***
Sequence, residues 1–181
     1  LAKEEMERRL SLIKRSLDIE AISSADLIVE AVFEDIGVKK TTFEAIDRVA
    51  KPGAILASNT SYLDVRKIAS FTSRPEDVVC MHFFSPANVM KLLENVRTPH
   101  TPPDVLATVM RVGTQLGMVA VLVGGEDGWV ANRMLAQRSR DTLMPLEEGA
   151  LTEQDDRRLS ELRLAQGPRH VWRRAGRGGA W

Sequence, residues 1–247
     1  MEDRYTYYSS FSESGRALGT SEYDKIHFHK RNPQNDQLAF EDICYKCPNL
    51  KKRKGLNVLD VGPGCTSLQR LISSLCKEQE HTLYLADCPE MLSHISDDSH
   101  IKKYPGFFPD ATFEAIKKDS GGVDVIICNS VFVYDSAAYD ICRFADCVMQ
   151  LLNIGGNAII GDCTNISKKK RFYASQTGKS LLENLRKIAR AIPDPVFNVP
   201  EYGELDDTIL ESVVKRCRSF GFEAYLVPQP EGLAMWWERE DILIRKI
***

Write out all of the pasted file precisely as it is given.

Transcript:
Sequence, residues 1–181
     1  LAKEEMERRL SLIKRSLDIE AISSADLIVE AVFEDIGVKK TTFEAIDRVA
    51  KPGAILASNT SYLDVRKIAS FTSRPEDVVC MHFFSPANVM KLLENVRTPH
   101  TPPDVLATVM RVGTQLGMVA VLVGGEDGWV ANRMLAQRSR DTLMPLEEGA
   151  LTEQDDRRLS ELRLAQGPRH VWRRAGRGGA W

Sequence, residues 1–247
     1  MEDRYTYYSS FSESGRALGT SEYDKIHFHK RNPQNDQLAF EDICYKCPNL
    51  KKRKGLNVLD VGPGCTSLQR LISSLCKEQE HTLYLADCPE MLSHISDDSH
   101  IKKYPGFFPD ATFEAIKKDS GGVDVIICNS VFVYDSAAYD ICRFADCVMQ
   151  LLNIGGNAII GDCTNISKKK RFYASQTGKS LLENLRKIAR AIPDPVFNVP
   201  EYGELDDTIL ESVVKRCRSF GFEAYLVPQP EGLAMWWERE DILIRKI